One of the great joys of walking up the Benjamin Franklin Parkway towards the Philadelphia Museum of Art is passing by Auguste Rodin’s The Thinker outside the Rodin Museum in Philadelphia. The Thinker muses upon the mass of humanity and traffic passing by through all the seasons. (The snowbound Thinker always amuses me. A snow globe from the Rodin Museum allows me to winterize him anytime.) Born November 12, 1840, Rodin created some of the most enduring sculptures in modern history, such as The Kiss (above, from 1901-4). The fascinating thing about The Kiss is that their lips aren’t actually touching. The woman’s shoulder hides the fact that their lips never truly meet. I’ve read somewhere that there is no angle from which you can actually photograph their lips—perhaps a sign that Rodin wanted to keep that intimacy private.
Like Virginia, Rodin is for lovers. So many of his images show men and women locked together in an embrace, such as his Eternal Spring (above; also known as Eternal Springtime; modeled 1881, marble executed 1906–7). Some of those embraces seem more like life and death struggles. Works such as I Am Beautiful, Possession, Shame (Absolution), and Youth Triumphant show relationships from every angle. Sadly, Rodin himself couldn’t build a lasting relationship, choosing instead a life of philandering. Once, when his wife confronted him about his latest affair, Rodin picked up a piece of clay and began to mold it, never taking his eyes off of her as she berated him. When she finally stopped for air, Rodin lifted the work in his hands and said to her, “This is what you look like when you’re mad.” Perhaps the Mask of Madame Rodin came from that exchange. The sculptor Camille Claudel, with whom Rodin had a tempestuous affair, never looks too happy, either.
While making life a hell for the women in his life, Rodin worked on his conception of the underworld in his epic construction, The Gates of Hell (above, from 1880-1917). So many pieces of The Gates of Hell took on lives of their own as individual masterpieces, especially The Thinker, who sits atop the gates and ponders the suffering beneath. The Kiss was originally intended to represent Dante’s doomed lovers Paolo and Francesca but was removed from the final conception. In The Gates of Hell, Rodin challenges Michelangelo’s The Last Judgment for the last word on the apocalypse. Michelangelo’s art haunted Rodin, a subject the PMA explored in a 1997 exhibition, the catalogue for which, Rodin and Michelangelo: A Study in Artistic Inspiration, I still keep handy. Rodin’s Mask of the Man With a Broken Nose is a attempt at a portrait of Michelangelo, who allegedly had his nose broken by another artist that he had criticized. In The Gates of Hell and other works, including The Age of Bronze, Torso of a Man, and The Walking Man, Rodin confronts Michelangelo and the whole Renaissance, breathing new life into those forms for the modern world.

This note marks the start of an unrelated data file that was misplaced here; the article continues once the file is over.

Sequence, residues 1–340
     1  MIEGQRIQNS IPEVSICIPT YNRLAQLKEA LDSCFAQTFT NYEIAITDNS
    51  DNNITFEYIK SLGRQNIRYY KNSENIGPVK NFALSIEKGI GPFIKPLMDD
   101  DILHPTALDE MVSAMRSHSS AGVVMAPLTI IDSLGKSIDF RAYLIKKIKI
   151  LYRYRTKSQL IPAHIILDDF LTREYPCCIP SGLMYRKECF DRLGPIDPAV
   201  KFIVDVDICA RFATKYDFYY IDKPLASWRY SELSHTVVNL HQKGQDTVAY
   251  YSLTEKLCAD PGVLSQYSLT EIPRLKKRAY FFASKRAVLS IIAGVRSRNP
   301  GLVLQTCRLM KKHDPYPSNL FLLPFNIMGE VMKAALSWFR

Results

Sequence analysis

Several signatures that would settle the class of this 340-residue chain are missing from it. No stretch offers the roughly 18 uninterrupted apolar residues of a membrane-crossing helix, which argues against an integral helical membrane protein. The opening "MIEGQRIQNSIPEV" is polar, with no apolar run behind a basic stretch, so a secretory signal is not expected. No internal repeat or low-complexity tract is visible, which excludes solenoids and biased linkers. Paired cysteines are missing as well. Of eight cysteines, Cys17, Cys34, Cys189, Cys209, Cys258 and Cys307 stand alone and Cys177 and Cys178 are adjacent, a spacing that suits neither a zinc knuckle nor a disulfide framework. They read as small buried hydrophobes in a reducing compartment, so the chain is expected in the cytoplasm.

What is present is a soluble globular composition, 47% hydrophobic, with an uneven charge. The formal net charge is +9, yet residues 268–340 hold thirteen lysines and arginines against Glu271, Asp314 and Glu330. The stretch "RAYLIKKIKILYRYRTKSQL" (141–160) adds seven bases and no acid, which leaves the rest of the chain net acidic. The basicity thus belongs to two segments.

I have so many favorite sculptures that Rodin, as must be obvious from all the works I’ve linked to. Limiting myself to just a few images was hard, but I couldn’t resist showing Rodin’s Bust of Gustav Mahler (above, from 1909), which captures all the pathos and weariness of the dying great composer. Rodin’s sculpture portraits vary in mood so beautifully, somber at one moment for Mahler and then almost comic at another for the great novelist Honore de Balzac, who is actually sculpted naked beneath the great enveloping cloak. Rodin envelops all his works with his unique charm and bold, passionate humanity, towering over all other modern sculptors and rising to the ranks of the Renaissance greats.